3. Relationships are very important to me. I will do pretty much anything to protect the people around me from discomfort, even if it means hurting myself. The shared technology/library space is a prime example. It hurt me deeply that a significant move like taking office space from the library happened without letting me know. Rather than being honest with those involved, I hid my feelings and suffered with some pretty serious frustration that eventually turned into bitterness. This is key for me, and I am reading and learning about honesty, setting boundaries, and self-care.

What do you all think? Would you share your gut-level reaction to a walk-through of your classroom? 

Friday, July 22, 2016

Review: The Hundred Lies of Lizzie Lovett

The Hundred Lies of Lizzie Lovett The Hundred Lies of Lizzie Lovett by Chelsea Sedoti
My rating: 3 of 5 stars

Book Talk:
Lizzie Lovett leads a picture perfect life. She has friends, a great job, and a handsome emo boyfriend who adores her. And Hawthorn hates her for it, because she wants what Lizzie Lovett has...until Lizzie winds up missing. Hawthorn decides to investigate, and winds up on a crazy adventure where she learns that not everything is at it seems.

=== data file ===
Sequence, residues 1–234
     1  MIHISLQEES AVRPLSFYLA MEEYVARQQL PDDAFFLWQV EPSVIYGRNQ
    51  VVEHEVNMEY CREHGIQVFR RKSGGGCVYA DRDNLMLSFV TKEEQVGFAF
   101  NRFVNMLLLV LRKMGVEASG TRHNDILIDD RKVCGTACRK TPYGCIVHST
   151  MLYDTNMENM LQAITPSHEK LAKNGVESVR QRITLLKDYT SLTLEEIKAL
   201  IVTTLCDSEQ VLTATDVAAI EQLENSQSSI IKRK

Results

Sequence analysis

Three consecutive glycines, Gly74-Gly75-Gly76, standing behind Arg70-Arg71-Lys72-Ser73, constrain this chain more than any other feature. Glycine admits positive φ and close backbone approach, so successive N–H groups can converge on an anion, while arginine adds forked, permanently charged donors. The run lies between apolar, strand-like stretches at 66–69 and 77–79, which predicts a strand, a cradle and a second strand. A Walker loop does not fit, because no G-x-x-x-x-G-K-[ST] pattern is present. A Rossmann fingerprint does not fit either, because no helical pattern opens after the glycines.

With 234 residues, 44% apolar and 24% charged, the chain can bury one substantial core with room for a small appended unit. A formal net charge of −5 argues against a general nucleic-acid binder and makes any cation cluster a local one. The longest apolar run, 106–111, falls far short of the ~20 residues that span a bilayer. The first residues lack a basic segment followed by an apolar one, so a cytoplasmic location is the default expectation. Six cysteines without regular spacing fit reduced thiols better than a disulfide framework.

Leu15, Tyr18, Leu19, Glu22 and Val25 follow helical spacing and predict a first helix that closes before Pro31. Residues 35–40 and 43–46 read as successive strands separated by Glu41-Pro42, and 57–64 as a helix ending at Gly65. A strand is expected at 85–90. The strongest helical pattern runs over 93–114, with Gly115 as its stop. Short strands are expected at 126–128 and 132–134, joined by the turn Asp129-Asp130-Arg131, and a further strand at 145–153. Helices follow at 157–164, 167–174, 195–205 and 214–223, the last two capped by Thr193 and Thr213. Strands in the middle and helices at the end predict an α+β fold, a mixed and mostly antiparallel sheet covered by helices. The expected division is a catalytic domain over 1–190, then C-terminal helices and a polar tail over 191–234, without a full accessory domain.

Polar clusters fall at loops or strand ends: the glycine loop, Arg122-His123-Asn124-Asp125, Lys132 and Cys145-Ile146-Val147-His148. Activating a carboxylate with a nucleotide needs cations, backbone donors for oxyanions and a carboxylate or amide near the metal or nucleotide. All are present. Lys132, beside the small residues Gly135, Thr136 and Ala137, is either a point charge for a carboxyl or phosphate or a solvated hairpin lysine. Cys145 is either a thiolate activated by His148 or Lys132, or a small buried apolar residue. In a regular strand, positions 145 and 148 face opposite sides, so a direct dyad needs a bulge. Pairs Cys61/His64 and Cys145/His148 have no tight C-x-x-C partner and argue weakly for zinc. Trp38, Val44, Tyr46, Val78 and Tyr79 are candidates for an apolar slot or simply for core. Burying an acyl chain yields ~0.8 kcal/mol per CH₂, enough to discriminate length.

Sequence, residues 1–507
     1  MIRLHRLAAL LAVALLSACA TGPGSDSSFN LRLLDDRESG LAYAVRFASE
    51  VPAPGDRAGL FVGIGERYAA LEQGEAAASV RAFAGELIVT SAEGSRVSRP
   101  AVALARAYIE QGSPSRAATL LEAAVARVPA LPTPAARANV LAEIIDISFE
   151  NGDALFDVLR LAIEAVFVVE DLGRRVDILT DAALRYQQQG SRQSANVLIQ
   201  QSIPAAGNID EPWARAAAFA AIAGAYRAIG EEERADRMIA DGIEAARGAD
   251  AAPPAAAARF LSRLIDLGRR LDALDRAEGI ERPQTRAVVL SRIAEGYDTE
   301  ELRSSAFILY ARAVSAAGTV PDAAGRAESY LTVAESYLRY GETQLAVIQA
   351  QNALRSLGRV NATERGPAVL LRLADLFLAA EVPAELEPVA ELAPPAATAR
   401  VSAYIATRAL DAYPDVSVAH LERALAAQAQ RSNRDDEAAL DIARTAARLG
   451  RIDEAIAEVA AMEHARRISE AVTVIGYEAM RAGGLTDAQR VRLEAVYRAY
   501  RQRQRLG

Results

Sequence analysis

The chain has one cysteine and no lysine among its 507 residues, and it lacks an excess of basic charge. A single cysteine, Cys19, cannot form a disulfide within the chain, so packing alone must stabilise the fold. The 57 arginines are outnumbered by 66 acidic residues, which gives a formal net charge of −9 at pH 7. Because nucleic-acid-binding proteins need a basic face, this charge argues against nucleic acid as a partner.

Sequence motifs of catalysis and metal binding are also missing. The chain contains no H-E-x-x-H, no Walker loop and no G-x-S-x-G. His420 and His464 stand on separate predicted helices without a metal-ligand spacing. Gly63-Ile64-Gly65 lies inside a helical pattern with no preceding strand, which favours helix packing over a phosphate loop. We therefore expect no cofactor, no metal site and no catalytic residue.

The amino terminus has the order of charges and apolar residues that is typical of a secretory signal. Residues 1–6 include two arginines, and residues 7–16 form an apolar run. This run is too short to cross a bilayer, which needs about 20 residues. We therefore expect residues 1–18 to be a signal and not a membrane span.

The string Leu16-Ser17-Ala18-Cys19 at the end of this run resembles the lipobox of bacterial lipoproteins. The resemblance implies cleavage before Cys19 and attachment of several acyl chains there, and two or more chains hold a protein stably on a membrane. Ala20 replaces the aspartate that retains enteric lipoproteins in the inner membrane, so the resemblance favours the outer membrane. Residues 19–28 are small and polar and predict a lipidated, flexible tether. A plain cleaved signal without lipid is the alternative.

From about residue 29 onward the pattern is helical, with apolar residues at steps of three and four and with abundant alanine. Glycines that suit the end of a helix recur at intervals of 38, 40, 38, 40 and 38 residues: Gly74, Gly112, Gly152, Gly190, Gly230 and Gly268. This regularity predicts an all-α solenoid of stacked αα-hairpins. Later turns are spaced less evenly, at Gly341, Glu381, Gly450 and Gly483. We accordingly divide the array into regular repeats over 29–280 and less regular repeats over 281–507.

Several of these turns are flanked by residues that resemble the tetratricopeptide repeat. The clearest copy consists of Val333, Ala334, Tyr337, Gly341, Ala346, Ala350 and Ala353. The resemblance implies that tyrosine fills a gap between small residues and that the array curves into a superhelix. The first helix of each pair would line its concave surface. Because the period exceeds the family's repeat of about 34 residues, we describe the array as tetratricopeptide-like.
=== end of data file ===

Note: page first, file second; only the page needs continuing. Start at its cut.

My Thoughts:
I am so surprised by the number of five star reviews. This was NOT that good. It was entertaining and a very fast read, but weak compared to other YA novels out there. Hawthorn is a whiny, self-centered character who I just wanted to shake and tell to grow up. Lizzie's boyfriend is also whiny and pathetic. The only characters I cared about were small ones, like best friend Emily who stands up to Hawthorn, and Rush, the brother who tries to protect his sister. Oh, and the hippies. I do like the hippies. Still, a very uneven novel.

My Recommendation:
2.5/5 stars
Grades 8+ (mild adult situations, language)

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Thursday, July 21, 2016

How to Get the Most Out of EdCamp

Image Courtesy of EdCampHershey
This week I got to attend my very first EdCamp, @EdcampHershey. What an awesome experience!  I got to hang out with old friends, meet some new peeps, and even connect with some members of my PLN that, until now, I only knew virtually.  Now that I've had a few days to really reflect on my time there, I put together some tips to help you get the most out of your next EdCamp.